Mémorial des batailles de la Marne 1914-1918 - English | Dormans

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Accueil Construction of the Memorial

Construction of the Memorial

How the Memorial came into being

The Memorial was erected in a 26-hectare (64-acre) park with magnificent trees. It was built thanks to a committee which was set up in 1919 and which was formed by Mrs de la Rochefoucauld, the Duchess of Estissac, and whose members were Monsignor Tissier, the Bishop of Châlons and Marshal Foch.

Monsignor Tissier, the Bishop of Châlons

Monsignor Tissier, the Bishop of Châlons

Marshal Foch by Louis Bombled, 1920

Marshal Foch by Louis Bombled, 1920

The location of the Memorial, which was chosen by Marshal Foch, was, according to him, the central point of the two Battles of the Marne. It symbolically marks the crossing of the River Marne by German troops in 1914 and in 1918.

The Memorial to the Battles of the Marne was constructed in memory of the soldiers who fell during the Great War, in general, and in particular to those who died or who were mutilated on the banks of the Marne.

Description of the monument

The monument was inspired by both Gothic and Romanesque architecture.

The imposing architecture of the structure is evocative of the fervent determination of soldiers at their last line of defence.

The location chosen — at the highest point in the château’s grounds, on one side of the valley of the River Marne, because of the commanding view over the valley, the place where the fighting took place — justified the construction of a crypt within the structure.

The crypt

The crypt || Dormans Memorial

It is lit up by means of light which comes through a stained-glass window and which depicts Saint Michael slaying a dragon.

It is made from cut stone quarried in the Meuse and the Nord departments (counties) of France.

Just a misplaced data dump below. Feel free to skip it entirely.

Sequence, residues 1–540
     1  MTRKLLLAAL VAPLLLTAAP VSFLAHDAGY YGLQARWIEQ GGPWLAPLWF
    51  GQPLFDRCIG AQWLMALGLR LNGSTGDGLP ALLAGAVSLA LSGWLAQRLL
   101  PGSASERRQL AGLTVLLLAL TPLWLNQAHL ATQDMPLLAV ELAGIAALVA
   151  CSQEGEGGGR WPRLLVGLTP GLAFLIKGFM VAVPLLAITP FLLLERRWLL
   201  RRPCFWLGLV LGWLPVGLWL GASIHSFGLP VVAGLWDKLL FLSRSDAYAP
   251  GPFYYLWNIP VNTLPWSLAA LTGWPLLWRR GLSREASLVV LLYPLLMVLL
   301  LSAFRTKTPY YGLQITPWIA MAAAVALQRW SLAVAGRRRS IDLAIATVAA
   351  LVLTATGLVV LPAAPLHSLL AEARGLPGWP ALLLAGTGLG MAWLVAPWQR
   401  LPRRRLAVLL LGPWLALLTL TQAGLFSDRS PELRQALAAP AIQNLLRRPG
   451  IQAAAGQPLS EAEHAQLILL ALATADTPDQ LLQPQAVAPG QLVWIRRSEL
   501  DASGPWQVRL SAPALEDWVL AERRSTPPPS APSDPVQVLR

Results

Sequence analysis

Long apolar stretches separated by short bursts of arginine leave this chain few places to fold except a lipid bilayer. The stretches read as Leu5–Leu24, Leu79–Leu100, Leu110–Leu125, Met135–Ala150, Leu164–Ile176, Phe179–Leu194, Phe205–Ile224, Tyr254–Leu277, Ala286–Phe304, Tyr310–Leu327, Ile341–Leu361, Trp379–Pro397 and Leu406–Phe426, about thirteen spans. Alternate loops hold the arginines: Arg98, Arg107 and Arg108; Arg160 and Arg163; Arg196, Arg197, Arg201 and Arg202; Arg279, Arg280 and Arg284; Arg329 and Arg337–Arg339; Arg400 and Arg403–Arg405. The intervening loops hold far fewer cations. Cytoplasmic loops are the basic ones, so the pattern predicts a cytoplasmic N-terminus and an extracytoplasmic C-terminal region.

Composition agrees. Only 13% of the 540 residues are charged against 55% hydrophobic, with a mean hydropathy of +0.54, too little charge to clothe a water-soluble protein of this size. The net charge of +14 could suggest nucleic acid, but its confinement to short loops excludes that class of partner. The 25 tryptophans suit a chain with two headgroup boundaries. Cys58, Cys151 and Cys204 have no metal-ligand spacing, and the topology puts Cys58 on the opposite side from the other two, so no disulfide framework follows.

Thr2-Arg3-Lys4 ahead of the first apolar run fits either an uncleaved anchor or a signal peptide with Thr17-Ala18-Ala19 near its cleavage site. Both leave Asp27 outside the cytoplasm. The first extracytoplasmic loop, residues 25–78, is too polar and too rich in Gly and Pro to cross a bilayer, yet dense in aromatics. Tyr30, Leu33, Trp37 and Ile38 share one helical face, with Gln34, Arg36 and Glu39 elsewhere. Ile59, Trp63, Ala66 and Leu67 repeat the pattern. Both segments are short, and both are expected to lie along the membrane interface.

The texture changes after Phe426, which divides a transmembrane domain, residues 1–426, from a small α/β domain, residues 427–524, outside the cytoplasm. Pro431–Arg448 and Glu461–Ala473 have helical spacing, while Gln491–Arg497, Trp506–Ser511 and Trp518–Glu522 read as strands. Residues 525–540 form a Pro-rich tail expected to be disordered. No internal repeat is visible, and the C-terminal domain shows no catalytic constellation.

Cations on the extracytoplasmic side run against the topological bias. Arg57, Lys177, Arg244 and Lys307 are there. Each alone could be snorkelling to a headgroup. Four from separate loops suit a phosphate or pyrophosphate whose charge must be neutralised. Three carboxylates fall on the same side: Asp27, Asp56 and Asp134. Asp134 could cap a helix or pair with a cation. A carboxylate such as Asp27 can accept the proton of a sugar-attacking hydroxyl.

The names of soldiers who died for France are engraved in red letters on white stones.

La Lanterne des Morts

Lanterne des morts (the lantern of the dead) +  The cloister | Dormans memorial

After you have climbed the 52 steps which lead up to the esplanade and to the upper part of the Memorial, you will come to La Lanterne des Morts (literally « the lantern of the dead »), which is a hollow pillar with an opening at the top where a fanal (a large lantern) was placed in the Middle Ages in certain cemeteries.

The ossuary

Inside the funeral chamber, in 130 coffins, rest the bones of 1,500 soldiers, only 11 of which have been identified.

Since 1993, every 11 November, an official ceremony takes place at the ossuary which consists of a senior officer laying a wreath sent by the President of the French Republic to honour those who died in the Great War.

The cloister

Connecting the ossuary and the upper chapel, a covered gallery with the appearance of a cloister has the following in store for visitors: firstly, effigies, in the form of medallions, of Marshal Joffre and of Marshal Foch, the two marshals who won the Battles of the Marne; and, secondly, the names of the armed corps and divisions who fought at and won the two battles.

The cloister | Dormans memorial
The cloister | Dormans memorial

The upper chapel

The upper chapel | Dormans memorial

The tympanum of the entrance door portrays two angels laying a soldier at the foot of a cross.

As soon as you cross the threshold of the chapel, the large stained-glass window in the choir attracts your gaze.

The stained-glass windows on one side and the other of the choir are adorned with each of the coats of arms of the provinces of France which existed at the end of the war, along with their patron saint, since all contributed to the erection of the monument.

The tower

The monument is topped off with a square tower and a chemin de ronde (a raised protected walkway behind a castle battlement), which is reminiscent of the defensive ramparts used in the Middle Ages. Visitors are allowed up to the tower and it is well worth a visit — it provides an uninterrupted view of the valley of the River Marne.